You may have come across a few odd-sounding names in Novita’s colour charts. While we’re not the only yarn manufacturer drawing inspiration from nature when naming our yarns, we are certainly alone in using porridge – yes, porridge – as inspiration. Cue a primer on porridge, its different colours and the Finns’ special relationship to the dish. Recipes included!


There was a time, not too long ago, when porridge was a staple food on Finnish tables. And not at breakfast tables alone; porridge was served for lunch and dinner as well. Often left to simmer overnight, porridge was made either from coarse flour or rolled oats. At a time when countryside houses were self-supporting, grain was gold: fruits and vegetables were rare, but rye, barley and oats provided Finns with bread, porridge and beer – a decent diet, supplemented with wild berries for sweetness and vitamins.

The great thing about porridge is that the more you make of it at the time, the better it tastes. So porridge has been served in Finland to school children and soldiers alike, or whenever a large crowd needed to be fed in an affordable way. In thousands of Finnish homes, porridge is still the go-to breakfast, and Christmas isn’t Christmas without rice porridge with cinnamon and sugar on top. For a healthy snack – or just for general comfort and feel-good – we may make the pink berry porridge with its distinctive colour and fluffy whipped texture.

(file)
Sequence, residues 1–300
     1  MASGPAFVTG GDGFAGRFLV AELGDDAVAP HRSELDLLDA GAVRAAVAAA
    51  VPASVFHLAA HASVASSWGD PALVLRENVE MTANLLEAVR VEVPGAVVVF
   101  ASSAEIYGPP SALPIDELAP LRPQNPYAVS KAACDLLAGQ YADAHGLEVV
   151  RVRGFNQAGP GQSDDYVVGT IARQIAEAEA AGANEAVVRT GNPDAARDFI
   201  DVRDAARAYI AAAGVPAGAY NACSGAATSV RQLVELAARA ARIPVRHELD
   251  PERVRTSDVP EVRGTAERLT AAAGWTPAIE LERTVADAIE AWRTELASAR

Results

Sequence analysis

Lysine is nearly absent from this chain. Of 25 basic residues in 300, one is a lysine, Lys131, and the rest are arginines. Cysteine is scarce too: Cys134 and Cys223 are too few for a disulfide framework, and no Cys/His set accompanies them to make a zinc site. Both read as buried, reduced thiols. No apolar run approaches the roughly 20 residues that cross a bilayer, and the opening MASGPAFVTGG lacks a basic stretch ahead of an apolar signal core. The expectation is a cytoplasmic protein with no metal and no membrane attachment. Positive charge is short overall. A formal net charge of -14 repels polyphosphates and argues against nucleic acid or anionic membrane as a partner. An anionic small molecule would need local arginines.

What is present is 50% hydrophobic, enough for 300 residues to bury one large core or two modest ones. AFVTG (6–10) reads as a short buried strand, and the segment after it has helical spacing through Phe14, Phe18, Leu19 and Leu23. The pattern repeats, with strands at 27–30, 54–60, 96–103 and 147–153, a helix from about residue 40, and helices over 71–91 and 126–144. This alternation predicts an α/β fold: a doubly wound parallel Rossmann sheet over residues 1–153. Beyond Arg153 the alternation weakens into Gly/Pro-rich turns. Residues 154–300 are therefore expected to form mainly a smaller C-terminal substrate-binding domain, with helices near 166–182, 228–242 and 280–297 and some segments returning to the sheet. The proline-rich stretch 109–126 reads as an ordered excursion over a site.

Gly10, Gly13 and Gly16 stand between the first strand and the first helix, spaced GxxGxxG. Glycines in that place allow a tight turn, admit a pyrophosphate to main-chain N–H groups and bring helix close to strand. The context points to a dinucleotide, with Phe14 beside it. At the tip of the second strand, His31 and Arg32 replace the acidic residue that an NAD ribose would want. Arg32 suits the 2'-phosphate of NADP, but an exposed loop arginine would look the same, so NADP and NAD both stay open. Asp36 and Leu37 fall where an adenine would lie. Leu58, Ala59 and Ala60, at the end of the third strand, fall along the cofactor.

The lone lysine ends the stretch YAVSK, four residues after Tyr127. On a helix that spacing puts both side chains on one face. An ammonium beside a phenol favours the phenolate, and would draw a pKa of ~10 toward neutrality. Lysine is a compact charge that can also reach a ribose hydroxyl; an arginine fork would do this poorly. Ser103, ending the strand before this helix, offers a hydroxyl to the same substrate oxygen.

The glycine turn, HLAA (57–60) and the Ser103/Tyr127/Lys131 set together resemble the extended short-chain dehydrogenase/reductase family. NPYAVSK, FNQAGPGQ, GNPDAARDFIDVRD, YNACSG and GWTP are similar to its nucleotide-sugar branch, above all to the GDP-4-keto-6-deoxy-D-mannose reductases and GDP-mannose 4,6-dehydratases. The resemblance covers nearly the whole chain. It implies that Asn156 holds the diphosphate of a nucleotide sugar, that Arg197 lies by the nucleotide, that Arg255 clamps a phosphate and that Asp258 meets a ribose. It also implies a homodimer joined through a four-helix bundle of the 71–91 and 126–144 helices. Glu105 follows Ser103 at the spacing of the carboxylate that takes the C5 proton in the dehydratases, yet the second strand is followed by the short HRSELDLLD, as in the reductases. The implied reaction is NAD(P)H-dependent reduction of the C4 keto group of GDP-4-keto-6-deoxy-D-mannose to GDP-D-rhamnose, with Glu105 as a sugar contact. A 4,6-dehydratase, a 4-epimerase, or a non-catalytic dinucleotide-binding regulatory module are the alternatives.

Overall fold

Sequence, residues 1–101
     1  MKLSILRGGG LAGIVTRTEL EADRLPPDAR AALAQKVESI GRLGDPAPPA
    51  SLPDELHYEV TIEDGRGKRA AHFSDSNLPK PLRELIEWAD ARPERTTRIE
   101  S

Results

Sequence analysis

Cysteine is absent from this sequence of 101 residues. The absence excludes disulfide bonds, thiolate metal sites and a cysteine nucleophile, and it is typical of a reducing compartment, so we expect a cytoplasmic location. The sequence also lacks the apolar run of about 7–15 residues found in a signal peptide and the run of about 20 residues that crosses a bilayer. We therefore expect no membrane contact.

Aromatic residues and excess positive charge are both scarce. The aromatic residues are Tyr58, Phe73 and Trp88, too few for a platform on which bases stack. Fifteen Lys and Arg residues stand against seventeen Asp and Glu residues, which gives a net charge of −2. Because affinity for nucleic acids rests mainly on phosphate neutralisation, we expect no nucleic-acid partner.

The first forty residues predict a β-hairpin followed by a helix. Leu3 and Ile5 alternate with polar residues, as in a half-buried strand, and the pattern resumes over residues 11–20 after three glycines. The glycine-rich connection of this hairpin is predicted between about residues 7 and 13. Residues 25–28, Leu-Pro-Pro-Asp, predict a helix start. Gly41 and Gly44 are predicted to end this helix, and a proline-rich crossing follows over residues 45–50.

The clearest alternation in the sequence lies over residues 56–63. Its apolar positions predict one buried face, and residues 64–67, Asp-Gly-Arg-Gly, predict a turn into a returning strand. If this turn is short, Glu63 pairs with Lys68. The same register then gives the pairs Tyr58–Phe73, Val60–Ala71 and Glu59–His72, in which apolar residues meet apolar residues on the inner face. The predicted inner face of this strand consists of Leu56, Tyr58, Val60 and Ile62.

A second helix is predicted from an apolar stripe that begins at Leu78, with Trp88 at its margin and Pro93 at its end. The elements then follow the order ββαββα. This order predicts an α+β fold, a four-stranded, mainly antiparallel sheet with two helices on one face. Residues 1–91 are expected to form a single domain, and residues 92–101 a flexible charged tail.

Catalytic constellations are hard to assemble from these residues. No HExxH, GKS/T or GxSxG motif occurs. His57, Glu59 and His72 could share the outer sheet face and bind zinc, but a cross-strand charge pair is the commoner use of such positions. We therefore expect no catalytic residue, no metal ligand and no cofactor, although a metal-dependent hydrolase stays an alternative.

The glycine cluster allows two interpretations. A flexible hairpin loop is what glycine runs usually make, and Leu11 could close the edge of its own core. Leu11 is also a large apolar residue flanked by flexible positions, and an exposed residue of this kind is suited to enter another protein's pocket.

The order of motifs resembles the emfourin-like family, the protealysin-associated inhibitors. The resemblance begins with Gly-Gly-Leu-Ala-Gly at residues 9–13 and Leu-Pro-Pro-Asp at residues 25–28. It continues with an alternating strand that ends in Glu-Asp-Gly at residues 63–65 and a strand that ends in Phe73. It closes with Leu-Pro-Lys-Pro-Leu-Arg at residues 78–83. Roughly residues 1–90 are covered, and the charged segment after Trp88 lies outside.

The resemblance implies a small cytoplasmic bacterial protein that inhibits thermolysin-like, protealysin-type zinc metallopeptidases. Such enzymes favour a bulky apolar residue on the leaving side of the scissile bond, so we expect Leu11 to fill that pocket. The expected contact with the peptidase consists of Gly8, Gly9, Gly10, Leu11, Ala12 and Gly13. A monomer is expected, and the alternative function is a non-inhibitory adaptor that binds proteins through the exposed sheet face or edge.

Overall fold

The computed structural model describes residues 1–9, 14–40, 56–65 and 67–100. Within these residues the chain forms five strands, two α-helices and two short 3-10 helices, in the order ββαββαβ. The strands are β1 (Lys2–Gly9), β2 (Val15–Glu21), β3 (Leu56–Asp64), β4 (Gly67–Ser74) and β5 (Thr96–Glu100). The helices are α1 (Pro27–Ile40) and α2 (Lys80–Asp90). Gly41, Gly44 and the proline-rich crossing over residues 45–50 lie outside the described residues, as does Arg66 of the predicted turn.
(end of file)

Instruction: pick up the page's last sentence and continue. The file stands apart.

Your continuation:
So now that you have a better understanding of our love for porridge, you’ll probably understand the yarn names as well. And while you wait for your porridge-y yarns to arrive, you might want to make some porridge as well. Look no further!


Rye porridge (serves 4)

  • 1000 ml water or milk, or both
  • 400 ml rolled rye oats
  • A pinch of salt

Bring the water and/or milk to a boil and add the flakes and salt. Bring to a boil once more, then lower the heat, put a lid on and let simmer for 10-20 minutes, stirring occasionally.



Berry porridge (serves 4)

Berry porridge is nothing more than semolina porridge, with lingonberries whipped into it. Berry porridge is usually served cold with milk. The sugar may seem like a lot, but the berries are extremely sour. Try one, and you’ll see.

  • 1000 ml water
  • 150 ml semolina flour
  • 300 ml lingonberries, fresh or frozen
  • 100-200 ml sugar

Boil the berries in the water for 5-10 minutes. Pour in semolina flour in a steady stream, whisking constantly to prevent lumps. Boil gently for 5 minutes, stirring occasionally.

Take the porridge from the heat and let it cool. With an electric mixer, whip the porridge until it’s fluffy.